Bilizekian expounds on this in his book.
In other words, the dominant teaching about ministry found in Romans is that people who have a spiritual gift should use it fully. It is inconceivable that, in a constitutional document of the church as influential as Paul’s letter to the Romans has been through history, there should be found such strong encouragement for all to use their spiritual gifts to the fullest extent if any kind of curtailment on ministry had been part of the system of the New Testament church. Quite the opposite, the charge is for universal participation in ministry. The strong connection made in the New Testament between oneness and ministries leaves no room for exclusions. A similar linkage between a discussion of the church as the community of oneness and an exhortation about spiritual gifts is found in 1 Cor. 12. In this relatively large section, the apostle Paul insists that God activates spiritual gifts in everyone (vs.6), that, ‘To each one the manifestation of the Spirit is given.’ (VS.7), and that gifts are ‘the work of one and the same Spirit, and he gives them to each one, just as he determines.’ (v. 11). Paul goes on to argue that body oneness can become a reality only as each believer uses his or her gift without hindrance (vv,12-21). This is the fullest and most detailed discussion of spiritual gifts in the New Testament. The overriding emphasis is that spiritual gifts are to be used fully as an expression of the oneness of the body. No one has the right to claim exemption from participation for being different (vv.14-16). Nor does the body consist of only one element or of one kind of members. Inclusive participation of the party gives cohesion to the whole body (vv. 17-21). Paul’s emphatic message is that there are no exemptions or limitations to full participation in the life and ministries of the body. If there were any exceptions to this rule, they did not apply to the Corinthian church. In fact, the Corinthian Christians were forbidden by Paul to make exceptions (vv. 15, 21).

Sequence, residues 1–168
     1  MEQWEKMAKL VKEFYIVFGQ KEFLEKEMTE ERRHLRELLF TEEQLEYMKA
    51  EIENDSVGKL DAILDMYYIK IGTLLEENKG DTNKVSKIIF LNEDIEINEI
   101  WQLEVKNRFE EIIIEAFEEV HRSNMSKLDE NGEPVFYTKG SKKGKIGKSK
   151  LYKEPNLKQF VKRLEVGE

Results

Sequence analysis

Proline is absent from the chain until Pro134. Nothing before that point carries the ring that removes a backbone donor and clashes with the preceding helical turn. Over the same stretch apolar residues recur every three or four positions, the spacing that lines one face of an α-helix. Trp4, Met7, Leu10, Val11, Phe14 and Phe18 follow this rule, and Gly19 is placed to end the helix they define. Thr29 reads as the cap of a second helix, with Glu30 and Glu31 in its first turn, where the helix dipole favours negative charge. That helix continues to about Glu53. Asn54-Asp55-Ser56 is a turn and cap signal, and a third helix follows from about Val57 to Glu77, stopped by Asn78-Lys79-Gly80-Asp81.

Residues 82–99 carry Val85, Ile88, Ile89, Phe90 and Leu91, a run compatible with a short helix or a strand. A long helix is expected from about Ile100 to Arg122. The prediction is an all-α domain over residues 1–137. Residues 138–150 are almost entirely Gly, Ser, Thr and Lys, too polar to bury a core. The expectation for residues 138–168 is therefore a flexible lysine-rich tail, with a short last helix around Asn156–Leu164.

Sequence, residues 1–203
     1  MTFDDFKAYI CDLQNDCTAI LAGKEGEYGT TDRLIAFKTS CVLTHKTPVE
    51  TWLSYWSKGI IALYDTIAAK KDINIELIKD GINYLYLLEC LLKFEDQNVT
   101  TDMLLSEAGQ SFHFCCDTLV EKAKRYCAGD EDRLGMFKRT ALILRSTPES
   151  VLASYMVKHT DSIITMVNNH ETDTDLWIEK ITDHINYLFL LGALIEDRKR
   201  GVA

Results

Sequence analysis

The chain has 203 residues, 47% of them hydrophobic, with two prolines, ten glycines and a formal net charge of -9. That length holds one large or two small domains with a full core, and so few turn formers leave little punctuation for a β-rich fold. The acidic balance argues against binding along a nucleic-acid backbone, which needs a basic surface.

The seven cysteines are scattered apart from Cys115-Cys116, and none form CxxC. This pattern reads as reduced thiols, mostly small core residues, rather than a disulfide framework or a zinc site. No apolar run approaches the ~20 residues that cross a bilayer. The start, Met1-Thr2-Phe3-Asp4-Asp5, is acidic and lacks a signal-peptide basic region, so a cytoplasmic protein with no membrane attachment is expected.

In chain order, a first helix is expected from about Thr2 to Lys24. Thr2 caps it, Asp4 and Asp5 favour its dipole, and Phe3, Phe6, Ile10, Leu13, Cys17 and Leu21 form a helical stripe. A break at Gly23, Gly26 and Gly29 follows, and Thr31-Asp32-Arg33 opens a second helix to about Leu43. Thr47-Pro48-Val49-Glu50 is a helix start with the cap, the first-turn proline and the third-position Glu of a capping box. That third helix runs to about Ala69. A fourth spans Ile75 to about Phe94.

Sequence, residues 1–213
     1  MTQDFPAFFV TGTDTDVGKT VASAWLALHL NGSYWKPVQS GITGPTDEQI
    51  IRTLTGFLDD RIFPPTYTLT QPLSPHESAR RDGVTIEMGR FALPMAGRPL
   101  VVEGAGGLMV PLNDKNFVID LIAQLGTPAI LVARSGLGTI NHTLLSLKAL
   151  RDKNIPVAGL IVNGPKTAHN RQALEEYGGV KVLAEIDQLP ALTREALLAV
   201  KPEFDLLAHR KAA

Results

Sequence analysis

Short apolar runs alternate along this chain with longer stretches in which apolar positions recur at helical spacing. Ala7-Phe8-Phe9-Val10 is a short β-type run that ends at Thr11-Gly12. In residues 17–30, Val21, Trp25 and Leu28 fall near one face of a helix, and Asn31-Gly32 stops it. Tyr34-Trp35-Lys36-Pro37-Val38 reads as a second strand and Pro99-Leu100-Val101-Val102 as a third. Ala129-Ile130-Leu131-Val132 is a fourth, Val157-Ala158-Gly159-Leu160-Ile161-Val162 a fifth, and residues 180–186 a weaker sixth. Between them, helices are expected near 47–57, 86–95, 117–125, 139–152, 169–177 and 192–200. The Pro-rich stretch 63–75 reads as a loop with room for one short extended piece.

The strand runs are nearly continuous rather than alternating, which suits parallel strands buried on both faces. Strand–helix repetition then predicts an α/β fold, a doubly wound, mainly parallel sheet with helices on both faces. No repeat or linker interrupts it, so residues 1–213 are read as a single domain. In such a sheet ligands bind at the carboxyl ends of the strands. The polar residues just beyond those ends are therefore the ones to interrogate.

How do we break this cycle of rivalry, shame, and invisibility?
What does Jesus say about breaking these cycles?
Our only hope for living into transparency and mutuality is to go back to Jesus’ great commandment: “Love the Lord your God with all your heart, mind, soul, and strength, and love your neighbor as yourself.” In our ridiculously busy culture where technology is supreme, we have all too easily gotten away from looking into each other’s eyes and really listening to one another, with the purpose of hearing their passions, learning about their gifts and literally learning to behold the other similarly to the way God beholds us and listens to and knows us. Isn’t this how we start to love our neighbor, by seeking to truly “see”, hear, and know them in all of their strengths and weaknesses? Don’t we need to continue loving them, as the members of the Trinity love one another, by coming alongside of them in their work for God and the Kingdom, in their God-given design, seeking to work with them, encourage them, and promote them, even sacrifice for them?
How have you personally experienced people loving others in ways that exemplify the members of the Trinity?
Does loving others like that make you feel threatened? If so, how do you deal with feelings of rivalry and shame?
(To be continued...)